In the wake of devastating losses for Democrats at the polls Nov. 2, outgoing Speaker Nancy Pelosi has continued to reward and rely upon her inner circle of confidantes, leading some critics to complain that a shake-up is in order.
It’s not often that you hear any House Democrat holding up Harry Reid, of all people, as a model.
But that’s what some House Democrats are doing privately as they grumble that Speaker Nancy Pelosi (D-Calif.) has avoided any significant Caucus shake-ups since Democrats suffered historic losses in the midterm elections.
“If you just look at the things that happened since she’s been [elected Minority] Leader, she hasn’t changed anyone around her,” one senior Democratic aide said. “She’s surrounded herself with people who are unflaggingly loyal but don’t have the same work ethic she does.”
On the other hand, the aide said Senate Majority Leader Reid appears to be trying to completely restructure his caucus, even though the Senate stayed in Democratic hands on Nov. 2. The Nevada Democrat has shaken up his staff, including by replacing his chief of staff, and publicly turned over policy and messaging coordination duties to the No. 3 Democrat, Sen. Charles Schumer (N.Y.). Reid asked Schumer, who serves as Conference vice chairman, to lead a newly reformulated Democratic Policy Committee — a role that gives him oversight of Caucus communications.
Pelosi, meanwhile, has sought to deflect any blame for the party’s losses away from her leadership — pointing instead to the almost 10 percent unemployment rate and a flood of outside money that influenced outcomes. The California Democrat, who has taken a lot of heat for deciding to stand as party leader in the minority next Congress, has argued that Democrats must communicate better with the public so voters understand their positions, but so far she has given no indication of what changes she plans to implement.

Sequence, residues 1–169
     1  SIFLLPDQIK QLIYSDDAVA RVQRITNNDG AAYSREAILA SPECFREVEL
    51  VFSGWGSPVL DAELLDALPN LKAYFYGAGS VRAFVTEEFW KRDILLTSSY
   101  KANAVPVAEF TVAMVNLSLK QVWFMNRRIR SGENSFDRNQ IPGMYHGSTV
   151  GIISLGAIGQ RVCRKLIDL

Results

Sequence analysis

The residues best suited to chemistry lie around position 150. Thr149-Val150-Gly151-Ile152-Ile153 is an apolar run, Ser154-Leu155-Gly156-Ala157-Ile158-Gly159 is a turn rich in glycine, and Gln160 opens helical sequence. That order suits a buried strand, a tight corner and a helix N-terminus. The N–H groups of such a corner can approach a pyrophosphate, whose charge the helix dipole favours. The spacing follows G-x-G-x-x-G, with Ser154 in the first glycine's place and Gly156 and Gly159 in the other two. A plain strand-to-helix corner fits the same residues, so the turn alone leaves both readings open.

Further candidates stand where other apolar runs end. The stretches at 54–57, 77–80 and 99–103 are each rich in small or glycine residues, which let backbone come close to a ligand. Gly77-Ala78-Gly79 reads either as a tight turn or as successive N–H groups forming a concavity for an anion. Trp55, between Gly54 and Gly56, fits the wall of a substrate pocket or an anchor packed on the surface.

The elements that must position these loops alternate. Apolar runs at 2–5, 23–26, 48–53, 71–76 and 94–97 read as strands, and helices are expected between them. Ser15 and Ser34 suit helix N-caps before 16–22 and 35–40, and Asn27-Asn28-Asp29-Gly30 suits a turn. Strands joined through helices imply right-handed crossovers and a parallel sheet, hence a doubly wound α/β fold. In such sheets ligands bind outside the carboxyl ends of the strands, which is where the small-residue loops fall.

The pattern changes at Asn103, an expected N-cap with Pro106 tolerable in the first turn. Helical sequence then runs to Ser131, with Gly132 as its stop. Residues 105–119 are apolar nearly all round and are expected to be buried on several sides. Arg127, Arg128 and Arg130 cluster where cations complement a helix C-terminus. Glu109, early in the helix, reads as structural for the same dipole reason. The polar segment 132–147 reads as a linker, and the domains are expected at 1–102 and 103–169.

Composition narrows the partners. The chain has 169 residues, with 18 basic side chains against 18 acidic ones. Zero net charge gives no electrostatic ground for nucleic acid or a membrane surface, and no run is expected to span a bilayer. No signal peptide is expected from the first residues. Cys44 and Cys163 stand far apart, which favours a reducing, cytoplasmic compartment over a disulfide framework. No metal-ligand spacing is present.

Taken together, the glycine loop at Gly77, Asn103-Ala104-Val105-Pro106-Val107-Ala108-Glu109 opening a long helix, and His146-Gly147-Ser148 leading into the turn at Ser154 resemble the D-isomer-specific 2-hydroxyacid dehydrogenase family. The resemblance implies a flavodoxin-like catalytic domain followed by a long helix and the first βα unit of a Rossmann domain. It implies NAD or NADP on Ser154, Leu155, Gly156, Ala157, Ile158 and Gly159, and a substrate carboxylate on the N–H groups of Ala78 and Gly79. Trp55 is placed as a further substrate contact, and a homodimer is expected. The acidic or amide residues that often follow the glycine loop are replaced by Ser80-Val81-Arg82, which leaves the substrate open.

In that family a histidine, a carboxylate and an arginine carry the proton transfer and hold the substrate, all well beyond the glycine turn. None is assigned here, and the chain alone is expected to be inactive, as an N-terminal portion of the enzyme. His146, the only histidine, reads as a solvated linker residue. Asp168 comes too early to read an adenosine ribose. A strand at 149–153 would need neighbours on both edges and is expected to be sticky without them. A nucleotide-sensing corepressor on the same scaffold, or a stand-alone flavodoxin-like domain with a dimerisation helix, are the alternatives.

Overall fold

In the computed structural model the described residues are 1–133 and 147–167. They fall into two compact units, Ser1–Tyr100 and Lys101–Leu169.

If anything, Pelosi has so far seemed to consolidate her hold on the Caucus, rewarding and protecting her inner circle.
Pelosi’s pick of Rep. Steve Israel (N.Y.) to head the Democratic Congressional Campaign Committee ahead of Reps. Debbie Wasserman Schultz (Fla.) or Joe Crowley (N.Y.), both of whom raised far more money for the DCCC, was seen as one such play, aides said. Pelosi also has protected her longtime allies Reps. George Miller (Calif.) and Rosa DeLauro (Conn.), engineering their retention as the co-chairmen of the Steering and Policy Committee. Israel, Miller and DeLauro led Caucus efforts to retain Pelosi as Minority Leader next year.
“Nancy Pelosi has a small cadre of loyalists,” one Democratic lobbyist said. “She came to the dance with them, she’s going to go down with them and she’s never going to change that.”
Vice President Joe Biden waits to conduct a mock swearing-in ceremony with Sen. Brian Schatz, D-Hawaii, in the Capitol's Old Senate Chamber, December 2, 2014. Schatz was sworn in to serve the remainder of his term since he was appointed to the seat after Sen. Daniel Inouye, D-Hawaii, passed away.